Against the Current No. 208, September/October 2020
The Pandemic and the Vote
— The Editors
"Good Trouble, Necessary Trouble"
— Malik Miah
Black Lives Matter & the Now Moment
— Anthony Bogues
Why Send Troops to Portland?
— Scott McLemee
A Victory, an Unfinished Agenda
— Donna Cartwright
Your Postal Service in Crisis -- Why?
— David Yao
Solidarity's Election Poll
— David Finkel for the Solidarity National Committee
Why Green? Why Now?
— Angela Walker
Opening Up the Schools?
— Robert Bartlett
Toward a Real Culture of Care
— Kathleen Brown
Toward Class Struggle Electoral Politics
— Barry Eidlin interviews Micah Uetricht & Meagan Day
C.T. Vivian, Organizer and Teacher
— Malik Miah
Behind Lebanon's Catastrophe
— Suzi Weissman interviews Gilbert Achcar
- Support for Mahmoud Nawajaa
Dead Trotskyists Society: Provocative Presence of a Difficult Past
— Alan Wald
Nonviolence and Black Self-Defense
— Dick J. Reavis
Experiments in Free Transit
— Joshua DeVries
Studying for a New World
— Joe Stapleton
The Fight for Indigenous Liberation
— Brian Ward
At Home in the World
— Dan Georgakas
The Larry Kramer Paradox
— Peter Drucker
- Larry Kramer, a Brief Biography
THE U.S. POSTAL Service, a publicly owned institution with a large (630,000) unionized workforce and a history dating to 1775, is facing a financial crisis that could present a real opportunity for the Trump administration to enact its program of privatization as well as weakening its employee unions.
As payments and correspondence have shifted in the last decade from the mail to digital platforms, postal revenues have not matched expenses, despite parcel delivery expanding with the increase in online commerce.
The COVID-19 pandemic accelerated the weakening of postal finances. As businesses and institutions shut down, advertising and business mail plummeted correspondingly. At one point, internal estimates forecast cash reserves running out in summer or fall of 2020, although revised forecasts have pushed the cash crunch to sometime in 2021.
When the first pandemic stimulus bills were being debated, the Postal Board of Governors (comprised of Trump appointees!) requested $75 billion. By comparison, annual postal revenue is around $70 billion. The final legislative package initially earmarked $25 billion, but it was jettisoned due solely to opposition from the White House and in its place a $10 billion loan was authorized.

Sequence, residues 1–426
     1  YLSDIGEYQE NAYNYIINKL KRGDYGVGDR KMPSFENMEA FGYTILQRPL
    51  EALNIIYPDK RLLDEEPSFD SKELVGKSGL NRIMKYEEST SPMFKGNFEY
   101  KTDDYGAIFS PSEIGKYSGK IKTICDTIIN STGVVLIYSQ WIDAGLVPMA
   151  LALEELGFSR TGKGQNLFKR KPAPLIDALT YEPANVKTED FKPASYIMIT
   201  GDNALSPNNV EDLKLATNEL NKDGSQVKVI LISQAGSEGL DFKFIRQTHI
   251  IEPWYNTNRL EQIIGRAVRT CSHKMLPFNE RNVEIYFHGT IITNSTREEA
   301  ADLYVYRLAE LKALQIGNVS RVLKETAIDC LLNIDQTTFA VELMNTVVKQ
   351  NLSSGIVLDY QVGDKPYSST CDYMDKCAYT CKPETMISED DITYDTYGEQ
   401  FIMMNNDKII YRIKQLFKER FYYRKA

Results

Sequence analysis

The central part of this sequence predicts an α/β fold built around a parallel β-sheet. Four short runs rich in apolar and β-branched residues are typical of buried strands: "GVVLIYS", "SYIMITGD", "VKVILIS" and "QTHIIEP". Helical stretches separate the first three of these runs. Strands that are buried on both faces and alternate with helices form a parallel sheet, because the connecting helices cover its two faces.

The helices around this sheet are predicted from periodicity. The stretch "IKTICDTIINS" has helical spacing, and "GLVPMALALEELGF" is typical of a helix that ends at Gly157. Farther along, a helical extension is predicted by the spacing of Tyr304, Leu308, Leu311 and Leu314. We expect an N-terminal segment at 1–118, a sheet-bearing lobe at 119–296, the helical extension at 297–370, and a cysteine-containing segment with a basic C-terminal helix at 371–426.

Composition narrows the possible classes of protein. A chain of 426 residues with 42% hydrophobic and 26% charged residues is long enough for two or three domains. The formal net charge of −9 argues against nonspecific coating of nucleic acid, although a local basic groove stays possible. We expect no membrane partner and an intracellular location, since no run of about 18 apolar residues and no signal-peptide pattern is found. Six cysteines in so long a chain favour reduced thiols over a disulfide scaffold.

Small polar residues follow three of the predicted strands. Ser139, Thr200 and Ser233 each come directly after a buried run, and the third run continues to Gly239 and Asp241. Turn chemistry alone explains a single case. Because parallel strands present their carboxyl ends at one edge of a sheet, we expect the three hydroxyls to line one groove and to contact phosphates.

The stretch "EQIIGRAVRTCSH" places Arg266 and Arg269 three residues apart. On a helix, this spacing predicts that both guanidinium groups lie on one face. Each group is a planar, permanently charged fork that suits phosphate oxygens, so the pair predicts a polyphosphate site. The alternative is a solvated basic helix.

The animus of the current President to the Postal Service has been ascribed to his fear of voting by mail, which draws larger participation and thus runs counter to the voter suppression espoused by the Republican Party.
Another commonly cited motivation, bizarrely constructed, has Trump’s dislike of the Washington Post, owned by Amazon founder Jeff Bezos, resulting in a demand for the Postal Service to drastically raise its rates on parcels it delivers under contract for Amazon. (Raising rates would merely shift work to Amazon’s own rapidly growing delivery network, or subcontracting to Fedex or UPS instead).
But prior to the pandemic, the Trump White House had issued recommendations, no doubt produced by the many Heritage Foundation alumni working there, that the Postal Service be examined for its potential privatization, at least in part.
Several countries, Great Britain for example, have wholly privatized their postal systems, resulting predictably in higher prices, worse service, degraded wages and working conditions, but greater profits to shareholders.
The potential for damage to the Postal Service has been heightened by the presidential appointment of a new Postmaster General, Louis Dejoy, a major donor to the Trump re-election campaign. Alex Greene, a postal worker in Tennessee, comments:
“Even many Trump-supporting postal workers are questioning why the administration is so dead set against mail-in voting and apparently the Postal Service itself. The new Postmaster General’s policies, which value minor savings over quality service, are widely unpopular among both the public and the postal work force.”
Dejoy was CEO of New Breed Logistics, which was under contract with the Postal Service for over 25 years, meaning he should know well which portions of the USPS would be attractive for privatization. The official announcement of his appointment notes his role on the Board of Trustees of the Fund for American Studies, whose self-described vision is “To win over each new generation to the ideas of liberty, limited government and free markets.”
As to the prospect of a Republican Party mega-donor in charge of the system that delivers mail ballots — well, draw your own conclusions.
The Historical Background
Few people know that the modern version of the Postal Service came about as the product of a worker revolt. In 1970 the Post Office was just another federal agency whose employee unions lacked collective bargaining rights. Instead, they relied on “collective begging” — lobbying Congress for wage increases.
After six years without a raise, postal employees were given a much smaller increase than Congress voted itself. The result was the largest wildcat strike in American history, as workers in many cities walked out, followed by their union leaders.
The pre-Internet reliance of American business on the mail brought the country to a standstill. Troops sent in by President Nixon as strikebreakers could not adequately move the mail.
As a result, Congress passed the 1970 Postal Reorganization Act, making the U.S. Postal Service semi-autonomous (with a corporate-style Board of Governors but under congressional oversight).
Importantly, unions were granted collective bargaining rights with binding arbitration to settle any disputes, but conservatives blocked union shop status, meaning membership was voluntary, not obligatory. The Postal Service was required to be self-funding from the payment of postage and fees, separate from the federal budget, unsubsidized by taxpayer dollars and operating on a non-profit, break-even basis.